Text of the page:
Alesis DM6 USB Kit | Eight-Piece Compact Beginner Electronic Drum Set Review


Electronic Drum Sets are a great option if you’re looking to minimize noise. Does this Alesis DM6 meet your requirements? Or should you stick to an acoustic set?


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Many people dismiss electronic drum sets as a viable option when looking to purchase a drum set. Why? Well, it’s said that they don’t provide the same experience that an acoustic drum set will. Whilst this is kinda true, it doesn’t mean that it doesn’t provide an experience. It’s just a different experience. And, in many cases, it will provide an experience that is actually preferential than that of those noisy acoustic drums!

Electronic drum sets are great if you need to minimize on space and sound. They are far easier to assemble. which is great of you are looking to travel with your drum set. They also are smaller than an acoustic drum set, which means that you can fit them pretty much anywhere in your house. They’re ideal for people who aren’t living in their own house and are living in an apartment, as you can fit them pretty much anywhere.

Obviously, one of the greatest advantages of an electronic drum set is the fact that you don’t create the same amount of noise. You will still create some noise, but it is not comparable to that of an acoustic drum set. With an electronic drum set, you can simply whack your headphones on and voila!


About the Product

Whilst you don’t need to worry about the same criteria when you’re buying an electronic drum set, there are still certain things that you need to take into consideration. These include;

Headphones: You should be sure that your set is compatible with a decent quality pair of headphones. Most electronic drum sets, like this one, won’t come with a set of headphones. You can find a decent pair of headphones online without too much issue.

iPad: One of the best things about this set is that it is iPad compatible, which means you can organise your beats with ease. Depending on what programs you have, you will easily be able to edit any sounds that you create on your Alesis DM6.

Price: One of the main things for anyone to consider when purchasing an electronic drum set is the price. They do tend to be a bit more expensive than acoustic drum sets, so be prepared to pay a bit extra. The likelihood is that if you invest in this drum set, however, it will be longer before you need to upgrade. The Alesis DM6 is suitable for both beginners and the more advanced, so it’ll last you a long time.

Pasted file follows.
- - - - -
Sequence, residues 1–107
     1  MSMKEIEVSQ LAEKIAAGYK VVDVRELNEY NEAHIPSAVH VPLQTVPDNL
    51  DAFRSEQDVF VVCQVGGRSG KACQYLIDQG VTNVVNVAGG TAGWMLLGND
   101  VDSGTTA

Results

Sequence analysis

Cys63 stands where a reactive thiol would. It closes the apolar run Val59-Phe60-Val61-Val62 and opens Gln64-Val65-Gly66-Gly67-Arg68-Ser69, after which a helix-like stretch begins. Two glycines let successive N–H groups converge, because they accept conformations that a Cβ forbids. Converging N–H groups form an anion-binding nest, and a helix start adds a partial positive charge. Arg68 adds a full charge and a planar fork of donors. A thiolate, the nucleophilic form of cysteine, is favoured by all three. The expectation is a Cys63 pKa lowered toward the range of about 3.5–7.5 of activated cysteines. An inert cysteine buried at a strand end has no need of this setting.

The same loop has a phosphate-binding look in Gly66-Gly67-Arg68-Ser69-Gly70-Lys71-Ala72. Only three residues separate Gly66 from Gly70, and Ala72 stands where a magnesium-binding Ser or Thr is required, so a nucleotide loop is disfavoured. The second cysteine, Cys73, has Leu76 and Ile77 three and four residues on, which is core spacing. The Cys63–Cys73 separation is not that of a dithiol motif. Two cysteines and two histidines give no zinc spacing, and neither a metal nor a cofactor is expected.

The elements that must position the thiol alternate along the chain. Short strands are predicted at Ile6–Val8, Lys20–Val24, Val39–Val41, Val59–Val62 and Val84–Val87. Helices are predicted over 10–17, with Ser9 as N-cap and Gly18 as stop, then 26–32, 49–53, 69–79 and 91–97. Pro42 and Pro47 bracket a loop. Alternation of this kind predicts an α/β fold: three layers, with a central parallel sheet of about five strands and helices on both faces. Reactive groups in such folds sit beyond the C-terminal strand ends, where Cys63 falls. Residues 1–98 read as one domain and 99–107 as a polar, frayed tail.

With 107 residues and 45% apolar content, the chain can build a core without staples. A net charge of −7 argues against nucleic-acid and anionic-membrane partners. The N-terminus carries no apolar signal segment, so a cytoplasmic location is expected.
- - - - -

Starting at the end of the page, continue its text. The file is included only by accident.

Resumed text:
• Won’t disturb the neighbours: If you’re looking for a drum set to invest in that won’t upset your neighbours, then you should go with an electronic drum set. This set from Alesis is a good option for anyone looking for their very first electronic drum set. You can just plug your headphones in without having to worry about the sound.
  • Portable: This drum set is relatively light, so you don’t have to worry too much about whether you want to move your drum set to a different position. It is extremely versatile and you’ll be able to move it wherever you want.
  • iPad: With the intergrated iPad feature, this is almost a must have feature for any electronic drum set now. Many people use their electronic drum set with their iPad to help integrate their drumming with other instruments.



  • Not the same experience: Lets face it. An electronic drum set is not the same experience as an acoustic one. You won’t get the same feeling when you hit the drums, it’s definitely slightly different. Though saying this, the experience is a different one. There are many benefits of using an electronic drum set. We believe this to be one of the best electronic drum sets on the market, so if that’s what you’re looking for, then this would be a great investment.


Electronic drum sets are definitely a thing of the future. Some people even believe that they will completely overtake acoustic sets in years to come. Though this might seem unlikely, it is definitely a possibility. You will understand that it’s a possibility as soon as you play the Alesis DM6 and realise how similar the experience is and how easy it is to edit your sounds.

If you’re looking for your first electronic drum set, then this set from Alesis is a great choice as a beginner drum set.